In this web-only conversation with Matt Taibbi of Rolling Stone, we turn to Iraq. He recently wrote a piece for Rolling Stone titled "Forget What We Know Now: We Knew Then Iraq War Was a Joke."
On the 90th anniversary of the birthday of Malcolm X, view our extensive archive of Macolm X speeches and related interviews.
Newly released video captures the final moments of an active-duty soldier who died after self-reporting to an El Paso, Texas jail in 2012 for a two-day sentence for driving while intoxicated. Sgt. James Brown told guards he couldn’t breathe at least 20 times, as they piled on top of him, carried him to an infirmary, and placed a mask over his face.
Witness to an Extreme Century: Robert Jay Lifton Reflects on Decades of Work on Holocaust, Hiroshima
For the past five decades, Robert Jay Lifton has written extensively on the psychological dimensions of war, from the U.S. atomic bombing of Hiroshima to doctors who aided Nazi crimes to nuclear war.
As Palestine joins the International Criminal Court, former U.N. Special Rapporteur John Dugard talks about how an apartheid case could be brought against Israel in the ICC. "I’m a South African who lived through apartheid," Dugard said. "I have no hesitation in saying that Israel’s crimes are infinitely worse than those committed by the apartheid regime of South Africa."
"Your children are being put back in the ground before they’ve even lived yet," rapped Baltimore poet, Grim Jackson, during a rally Sunday calling for justice for Freddie Gray.
Watch full press conference by Baltimore State’s Attorney Marilyn Mosby when she announced charges against six police officers. "To the people of Baltimore and the demonstrators across America, I heard your call for 'no justice, no peace.'"
As independent Senator Bernie Sanders of Vermont announces his bid for the Democratic presidential nomination, we continue our conversation with former presidential candidate Ralph Nader, author of the new book, "Return to Sender: Unanswered Letters to the President, 2001-2015."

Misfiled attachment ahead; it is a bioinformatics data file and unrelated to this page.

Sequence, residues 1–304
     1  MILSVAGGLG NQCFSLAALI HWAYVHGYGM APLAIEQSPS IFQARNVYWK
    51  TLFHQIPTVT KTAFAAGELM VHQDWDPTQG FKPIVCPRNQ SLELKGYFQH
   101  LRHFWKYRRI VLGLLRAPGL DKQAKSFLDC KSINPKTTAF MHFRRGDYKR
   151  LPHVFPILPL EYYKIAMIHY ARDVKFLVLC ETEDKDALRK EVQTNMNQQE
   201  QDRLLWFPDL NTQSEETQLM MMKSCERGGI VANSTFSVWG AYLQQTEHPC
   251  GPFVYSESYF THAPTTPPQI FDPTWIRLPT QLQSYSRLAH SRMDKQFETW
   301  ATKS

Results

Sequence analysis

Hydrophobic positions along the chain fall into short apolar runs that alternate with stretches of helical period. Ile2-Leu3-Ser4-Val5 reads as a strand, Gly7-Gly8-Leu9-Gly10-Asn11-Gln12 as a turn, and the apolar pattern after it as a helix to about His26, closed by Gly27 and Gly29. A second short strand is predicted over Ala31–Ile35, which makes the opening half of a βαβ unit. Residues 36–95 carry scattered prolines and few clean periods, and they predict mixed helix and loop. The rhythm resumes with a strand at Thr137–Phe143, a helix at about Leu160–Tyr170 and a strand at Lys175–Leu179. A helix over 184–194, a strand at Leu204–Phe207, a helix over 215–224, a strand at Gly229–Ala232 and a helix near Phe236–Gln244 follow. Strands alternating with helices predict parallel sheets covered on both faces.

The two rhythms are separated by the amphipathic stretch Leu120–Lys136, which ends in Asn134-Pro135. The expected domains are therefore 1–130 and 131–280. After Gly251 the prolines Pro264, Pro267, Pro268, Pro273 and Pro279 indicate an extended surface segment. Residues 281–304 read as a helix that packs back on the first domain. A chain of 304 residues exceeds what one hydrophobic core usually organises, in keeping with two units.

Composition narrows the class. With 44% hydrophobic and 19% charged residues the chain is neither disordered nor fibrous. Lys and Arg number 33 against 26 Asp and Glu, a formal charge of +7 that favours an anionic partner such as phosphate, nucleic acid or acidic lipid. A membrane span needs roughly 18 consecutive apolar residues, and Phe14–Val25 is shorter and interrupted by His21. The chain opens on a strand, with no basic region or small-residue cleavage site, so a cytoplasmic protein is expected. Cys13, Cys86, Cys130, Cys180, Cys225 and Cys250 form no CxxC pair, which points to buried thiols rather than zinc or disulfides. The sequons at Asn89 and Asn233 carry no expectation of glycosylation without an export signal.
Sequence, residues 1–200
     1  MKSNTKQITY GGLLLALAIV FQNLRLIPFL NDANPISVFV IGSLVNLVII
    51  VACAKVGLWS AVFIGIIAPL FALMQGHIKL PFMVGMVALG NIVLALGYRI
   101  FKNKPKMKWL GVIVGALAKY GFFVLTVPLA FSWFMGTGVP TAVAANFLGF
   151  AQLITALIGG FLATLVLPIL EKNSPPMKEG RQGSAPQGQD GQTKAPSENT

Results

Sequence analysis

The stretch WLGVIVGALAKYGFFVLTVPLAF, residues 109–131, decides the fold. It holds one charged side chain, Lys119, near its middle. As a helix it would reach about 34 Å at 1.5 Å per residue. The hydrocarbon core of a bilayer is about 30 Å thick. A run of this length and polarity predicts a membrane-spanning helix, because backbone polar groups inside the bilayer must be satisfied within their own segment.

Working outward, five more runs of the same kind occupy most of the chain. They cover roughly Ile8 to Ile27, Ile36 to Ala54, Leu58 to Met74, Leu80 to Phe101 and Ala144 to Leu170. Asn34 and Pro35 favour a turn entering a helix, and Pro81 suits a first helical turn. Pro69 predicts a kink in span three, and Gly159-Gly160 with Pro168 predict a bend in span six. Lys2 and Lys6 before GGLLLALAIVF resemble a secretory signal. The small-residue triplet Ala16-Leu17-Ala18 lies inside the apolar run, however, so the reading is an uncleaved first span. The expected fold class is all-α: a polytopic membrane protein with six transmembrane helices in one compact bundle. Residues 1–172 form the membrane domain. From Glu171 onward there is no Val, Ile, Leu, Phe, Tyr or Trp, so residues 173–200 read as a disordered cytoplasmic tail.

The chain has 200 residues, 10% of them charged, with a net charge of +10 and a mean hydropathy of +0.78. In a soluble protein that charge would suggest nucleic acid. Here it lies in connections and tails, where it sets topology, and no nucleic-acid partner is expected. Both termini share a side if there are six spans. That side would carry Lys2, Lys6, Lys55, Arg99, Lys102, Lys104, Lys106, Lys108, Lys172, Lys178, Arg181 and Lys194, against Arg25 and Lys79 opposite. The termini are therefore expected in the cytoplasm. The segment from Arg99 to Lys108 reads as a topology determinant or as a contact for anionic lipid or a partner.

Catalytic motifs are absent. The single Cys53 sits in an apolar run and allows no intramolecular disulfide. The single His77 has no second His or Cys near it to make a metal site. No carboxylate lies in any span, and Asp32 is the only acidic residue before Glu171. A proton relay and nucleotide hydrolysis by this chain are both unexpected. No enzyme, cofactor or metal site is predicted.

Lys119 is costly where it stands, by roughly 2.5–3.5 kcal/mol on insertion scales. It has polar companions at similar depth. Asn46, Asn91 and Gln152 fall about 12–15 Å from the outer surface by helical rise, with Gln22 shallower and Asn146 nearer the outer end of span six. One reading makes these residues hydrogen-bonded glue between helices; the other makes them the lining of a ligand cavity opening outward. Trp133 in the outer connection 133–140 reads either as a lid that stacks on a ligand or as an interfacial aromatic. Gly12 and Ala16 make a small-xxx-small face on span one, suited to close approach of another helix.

"Police Brutality Has No Borders": Parents of Missing Mexican Students on State Violence in the U.S.
"Here in the United States, they are killing students, especially the African Americans, the same as in Mexico," said Anayeli Guerrero de la Cruz, sister of one of the 43 missing Mexican students.
Many events marking the end of the Vietnam War are being organized by the Pentagon, but this weekend longtime antiwar activists will join youth organizers for a major conference in Washington, D.C., called "Vietnam: The Power of Protest. Telling the Truth. Learning the Lessons."
Watch Democracy Now! Thursday when we will interview Tom Hayden about his new book, "Listen, Yankee!: Why Cuba Matters," and discuss the historic normalization of diplomatic relations with the United States.
Vermont Senator Bernie Sanders to Run for President, Focused on Inequality, Climate, Corporate Power
On Thursday Vermont Senator Bernie Sanders will announce his plans to seek the 2016 presidential nomination on the Democratic ticket. Watch his interviews on Democracy Now!
Parents of 43 students missing in Mexico for seven months traveled to the United States to ask President Obama to stop funding Mexico’s drug war. We are joined by relatives of three of the students in our New York City studio.
We play excerpts of "Don’t Think I’ve Forgotten: Cambodia’s Lost Rock and Roll" and speak with Mol Kagnol, guitarist and founding member of Cambodia’s first surf guitar band, Baksey Cham Krong, who lost 20 members of his family under the Khmer Rouge.
PART 2: Nelson Denis on the U.S. Persecution of Puerto Rican Independence Leader Pedro Albizu Campos
Watch our extended interview with Nelson Denis, author of "War Against All Puerto Ricans: Revolution and Terror in America’s Colony," and see excerpts of Pedro Albizu Campos’ 1950 speech made shortly before he was arrested.
Listen to our extended interview with Khalifah al-Akili, who is featured in the new film "(T)ERROR" about FBI sting operations that target innocent Americans.
Watch our extended interview with lawyer Steve Downs, of the National Coalition to Protect Civil Freedoms, about one of the most baffling cases in the so-called war on terror, the story of Aafia Siddiqui.
A mailman from Florida landed a tiny personal aircraft known as a gyrocopter on the lawn of the U.S. Capitol Wednesday in a protest to demand campaign finance reform. Doug Hughes was carrying letters to every member of Congress calling for them to address corruption.
Mothers at a family detention center Texas say are on a second hunger strike despite threats of being separated from their children. They want bond hearings so they can be free while seeking asylum.
In 2006, two of the world’s most celebrated writers, Eduardo Galeano and Arundhati Roy, shared the stage of Town Hall in New York City for a historic evening of readings and dialogue.
Esquire magazine highlighted our recent segment on Hillary Clinton’s candidacy as a "spirited debate ... It was positively gravid with substance. Let’s just say you won’t see this on Morning Joe any time soon."